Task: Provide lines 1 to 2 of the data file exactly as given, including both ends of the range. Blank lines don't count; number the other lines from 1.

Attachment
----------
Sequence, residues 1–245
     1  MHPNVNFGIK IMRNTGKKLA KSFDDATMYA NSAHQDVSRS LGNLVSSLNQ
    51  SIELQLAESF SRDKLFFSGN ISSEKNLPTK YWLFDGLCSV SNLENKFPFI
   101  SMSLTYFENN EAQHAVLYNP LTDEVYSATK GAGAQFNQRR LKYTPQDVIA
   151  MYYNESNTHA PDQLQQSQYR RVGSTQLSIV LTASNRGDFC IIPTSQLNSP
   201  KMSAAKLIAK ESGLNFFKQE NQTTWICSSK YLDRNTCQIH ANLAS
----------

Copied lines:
Sequence, residues 1–245
     1  MHPNVNFGIK IMRNTGKKLA KSFDDATMYA NSAHQDVSRS LGNLVSSLNQ